The price discounts available on this kit make it look even better. You can find the Sportful Super Total Comfort bibshort at the best stores for the best prices by clicking through to Competitive Cyclist, Wiggle, ProBikeKit UK ITK10, Chain Reaction Cycles and the Sportful Italia CL Jersey at Amazon, Wiggle, ProBikeKit UK ITK10, Chain Reaction Cycles.
REDWHITE THE BIB – A BASIC BIBSHORT AT A GOOD PRICE
RedWhite, a brand I’d never heard of before doing this review, makes a few basic bibs with even more basic names including The BIB, The BIB (WMN), The RACE, The STEALTH, etc. Basic pretty much describes the performance I found wearing these bibs but the quality construction and relatively good price makes it worth considering if your budget is limited.
There’s a good deal of stretch in these bibs so while a standard width rider would likely fill them up more than I did, they did fit my slimmer frame. That stretch assures continuous contact around your inner thighs, something you won’t always feel in bibshorts that don’t fit well either because the material doesn’t stretch well or the pad is too wide or stiff in the middle. The inseam length is also longer than most, providing good coverage further down your legs.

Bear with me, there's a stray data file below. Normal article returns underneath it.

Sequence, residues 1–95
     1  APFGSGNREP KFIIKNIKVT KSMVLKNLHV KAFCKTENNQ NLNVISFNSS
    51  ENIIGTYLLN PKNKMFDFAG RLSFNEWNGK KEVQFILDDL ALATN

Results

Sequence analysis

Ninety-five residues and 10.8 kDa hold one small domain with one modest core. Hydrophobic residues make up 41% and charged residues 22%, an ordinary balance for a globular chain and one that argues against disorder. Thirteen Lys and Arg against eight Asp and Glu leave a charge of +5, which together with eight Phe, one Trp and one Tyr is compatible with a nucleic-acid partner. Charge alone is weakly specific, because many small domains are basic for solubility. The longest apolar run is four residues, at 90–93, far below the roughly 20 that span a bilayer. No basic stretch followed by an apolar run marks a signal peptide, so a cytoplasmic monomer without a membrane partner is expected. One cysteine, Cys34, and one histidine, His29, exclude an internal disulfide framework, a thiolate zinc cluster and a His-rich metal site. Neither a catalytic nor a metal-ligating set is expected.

Perhaps because the RedWhite BIB is made of material that conforms and stretches so well, it lacks the resistance to provide much compression. I didn’t feel resistance along my leg muscles or even at the grippers. The net result was a pair of bibshorts that didn’t move with me as I changed positions on the bike as well as most of the others. Indeed, I felt like I was sliding around in them.
The front straps are wide, sit comfortably and stretch well. The back panel also breathes well in the heat. The straps and back panel are seamed along the edges and attach to the shorts higher up than most, perhaps limiting their ability to help hold the shorts in place in favor of holding your midsection inside your bibs. Not a bad option if you welcome that kind of support but it shouldn’t come at the expense of keeping the shorts from sliding.